I return to the noble Baroness's questions, which I shall take one by one, before turning to the questions asked by the noble Lords, Lord McNally, Lord Dholakia and Lord Avebury.

The noble Baroness, Lady Anelay, asked what systems were in place to ensure that we can cope with the applications on 1 May. I assure the noble Baroness and the House that we have taken measures to ensure that we can cope; we have implemented a planning capability of up to 250 applications per day. If there is an early surge of applications in the first weeks, we have contingency plans in place to draft in more trained staff without impacting on other areas of the business.

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In relation to records, I have said that employers should take a copy and retain it. The obligation is on the worker to register, not on the employer, and we believe that balance to be right. The noble Baroness and the noble Lord, Lord McNally, suggested that the regulations had been cobbled together; I assure the noble Baroness and the noble Lord that they were not. The accession treaty specifically provided for these regulations to be produced in order to set out whether and on what terms we could access our labour market. We believe that we have done that in good time.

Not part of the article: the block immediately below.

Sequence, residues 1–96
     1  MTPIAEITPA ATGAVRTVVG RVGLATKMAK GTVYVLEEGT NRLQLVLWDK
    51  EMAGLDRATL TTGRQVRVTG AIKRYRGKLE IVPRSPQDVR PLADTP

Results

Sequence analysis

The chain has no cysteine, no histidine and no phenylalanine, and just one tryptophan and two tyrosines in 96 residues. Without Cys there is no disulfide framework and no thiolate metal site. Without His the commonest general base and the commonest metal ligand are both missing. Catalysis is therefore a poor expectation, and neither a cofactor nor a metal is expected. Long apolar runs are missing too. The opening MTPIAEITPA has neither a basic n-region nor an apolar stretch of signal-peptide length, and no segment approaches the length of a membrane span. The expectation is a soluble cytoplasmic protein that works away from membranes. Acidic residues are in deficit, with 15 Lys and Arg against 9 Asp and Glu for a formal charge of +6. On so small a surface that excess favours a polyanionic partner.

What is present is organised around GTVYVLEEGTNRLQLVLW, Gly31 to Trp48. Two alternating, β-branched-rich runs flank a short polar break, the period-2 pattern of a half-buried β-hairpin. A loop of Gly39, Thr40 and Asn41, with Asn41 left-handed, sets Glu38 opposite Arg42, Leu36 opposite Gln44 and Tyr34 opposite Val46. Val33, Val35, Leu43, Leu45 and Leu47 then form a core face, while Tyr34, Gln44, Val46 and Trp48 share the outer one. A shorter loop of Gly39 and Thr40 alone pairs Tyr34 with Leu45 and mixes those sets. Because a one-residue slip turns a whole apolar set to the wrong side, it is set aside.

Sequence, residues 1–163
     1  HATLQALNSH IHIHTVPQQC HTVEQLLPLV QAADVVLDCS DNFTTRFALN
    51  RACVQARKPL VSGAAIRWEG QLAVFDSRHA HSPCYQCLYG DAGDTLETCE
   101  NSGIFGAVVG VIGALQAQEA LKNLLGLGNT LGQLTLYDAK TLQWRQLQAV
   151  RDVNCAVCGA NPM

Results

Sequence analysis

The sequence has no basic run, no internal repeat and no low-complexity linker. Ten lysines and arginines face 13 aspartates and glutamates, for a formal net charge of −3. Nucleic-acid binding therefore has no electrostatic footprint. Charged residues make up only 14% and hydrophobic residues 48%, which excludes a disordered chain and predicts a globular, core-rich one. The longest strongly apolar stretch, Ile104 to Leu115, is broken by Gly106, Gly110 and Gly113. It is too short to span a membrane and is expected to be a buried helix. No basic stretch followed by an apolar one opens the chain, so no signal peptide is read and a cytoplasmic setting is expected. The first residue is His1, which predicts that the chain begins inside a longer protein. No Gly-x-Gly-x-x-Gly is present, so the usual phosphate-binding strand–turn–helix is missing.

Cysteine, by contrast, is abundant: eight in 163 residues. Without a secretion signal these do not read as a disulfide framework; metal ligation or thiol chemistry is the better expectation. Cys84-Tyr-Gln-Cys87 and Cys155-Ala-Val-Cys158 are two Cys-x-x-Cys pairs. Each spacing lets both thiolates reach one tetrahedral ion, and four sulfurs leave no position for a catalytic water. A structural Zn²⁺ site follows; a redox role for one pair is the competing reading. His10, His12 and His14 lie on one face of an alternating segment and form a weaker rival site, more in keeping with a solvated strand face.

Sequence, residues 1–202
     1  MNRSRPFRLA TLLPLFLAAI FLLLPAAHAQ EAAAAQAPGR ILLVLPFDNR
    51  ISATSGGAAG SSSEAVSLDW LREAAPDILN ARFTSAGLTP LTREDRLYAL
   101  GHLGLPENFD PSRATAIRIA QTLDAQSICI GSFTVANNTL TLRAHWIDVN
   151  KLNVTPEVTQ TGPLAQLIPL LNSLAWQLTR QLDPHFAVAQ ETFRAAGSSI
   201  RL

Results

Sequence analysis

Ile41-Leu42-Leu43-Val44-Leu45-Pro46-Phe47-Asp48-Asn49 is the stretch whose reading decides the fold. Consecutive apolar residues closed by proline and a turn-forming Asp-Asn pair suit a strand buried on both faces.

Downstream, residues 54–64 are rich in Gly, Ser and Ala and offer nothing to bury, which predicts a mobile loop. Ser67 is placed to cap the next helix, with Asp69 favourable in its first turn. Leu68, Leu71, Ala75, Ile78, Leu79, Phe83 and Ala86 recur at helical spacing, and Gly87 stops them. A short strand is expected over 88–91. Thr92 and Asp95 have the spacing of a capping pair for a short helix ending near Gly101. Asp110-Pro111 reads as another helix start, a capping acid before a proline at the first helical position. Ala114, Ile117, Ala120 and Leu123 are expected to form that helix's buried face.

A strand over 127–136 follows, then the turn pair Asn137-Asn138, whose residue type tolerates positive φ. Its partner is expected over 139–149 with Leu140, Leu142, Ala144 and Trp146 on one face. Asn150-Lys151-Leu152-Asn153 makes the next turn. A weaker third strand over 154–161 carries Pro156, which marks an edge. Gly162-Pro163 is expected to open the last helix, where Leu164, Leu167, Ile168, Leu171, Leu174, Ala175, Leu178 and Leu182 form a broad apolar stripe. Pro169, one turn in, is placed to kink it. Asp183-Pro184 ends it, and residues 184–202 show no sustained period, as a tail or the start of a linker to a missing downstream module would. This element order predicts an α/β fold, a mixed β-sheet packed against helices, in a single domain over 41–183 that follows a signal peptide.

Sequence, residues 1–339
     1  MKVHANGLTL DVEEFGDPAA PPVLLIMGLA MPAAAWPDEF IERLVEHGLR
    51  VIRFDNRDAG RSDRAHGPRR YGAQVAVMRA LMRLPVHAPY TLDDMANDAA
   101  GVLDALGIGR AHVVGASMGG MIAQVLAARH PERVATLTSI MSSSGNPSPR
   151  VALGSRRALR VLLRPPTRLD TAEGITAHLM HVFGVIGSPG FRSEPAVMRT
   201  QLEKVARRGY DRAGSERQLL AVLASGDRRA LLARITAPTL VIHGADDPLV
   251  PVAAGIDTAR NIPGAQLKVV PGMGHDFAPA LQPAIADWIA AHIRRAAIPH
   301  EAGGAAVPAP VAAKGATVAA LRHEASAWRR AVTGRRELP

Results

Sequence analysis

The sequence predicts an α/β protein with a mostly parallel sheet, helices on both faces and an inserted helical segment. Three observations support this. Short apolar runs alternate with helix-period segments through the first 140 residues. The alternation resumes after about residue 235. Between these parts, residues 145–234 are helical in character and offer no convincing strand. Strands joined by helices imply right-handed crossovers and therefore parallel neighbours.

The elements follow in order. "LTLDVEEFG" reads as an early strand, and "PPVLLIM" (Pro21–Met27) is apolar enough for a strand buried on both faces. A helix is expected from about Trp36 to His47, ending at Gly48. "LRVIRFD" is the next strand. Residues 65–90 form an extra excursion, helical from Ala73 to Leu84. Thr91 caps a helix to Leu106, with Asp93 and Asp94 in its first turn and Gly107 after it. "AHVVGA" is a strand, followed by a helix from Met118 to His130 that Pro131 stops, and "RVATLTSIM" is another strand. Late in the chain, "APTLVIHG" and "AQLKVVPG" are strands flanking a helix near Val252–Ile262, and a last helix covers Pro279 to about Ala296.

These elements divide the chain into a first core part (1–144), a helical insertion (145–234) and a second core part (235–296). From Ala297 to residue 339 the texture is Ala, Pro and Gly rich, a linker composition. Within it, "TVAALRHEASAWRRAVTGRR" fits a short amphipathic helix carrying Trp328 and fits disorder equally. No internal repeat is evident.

I am assured by my noble friends and colleagues in the Department for Work and Pensions that the standard consultation requirements have been fully complied with in respect of the DWP regulations. It is our understanding that the advice of the Social Services Advisory Committee will be published without undue delay. That is what we have been assured. The draft accession regulations were laid before Parliament on 25 March, as noble Lords will I hope know.

The Department for Work and Pensions made draft Social Security (Habitual Residence) Amendment Regulations 2004 available on 18 March; the Social Security Advisory Committee has consulted on those draft regulations and will produce a report. We have always made clear what we intend the regulations to do and believe that the package will come into force, as planned, on 1 May. It was decided, however, that it was inappropriate to publish details of the scheme until it was approved by Parliament. The scheme will not be operational until 1 May—as soon as workers start a new job, on or after the 1 May, but not before. To avoid confusion, we have decided to make the application form available a week before the scheme goes live.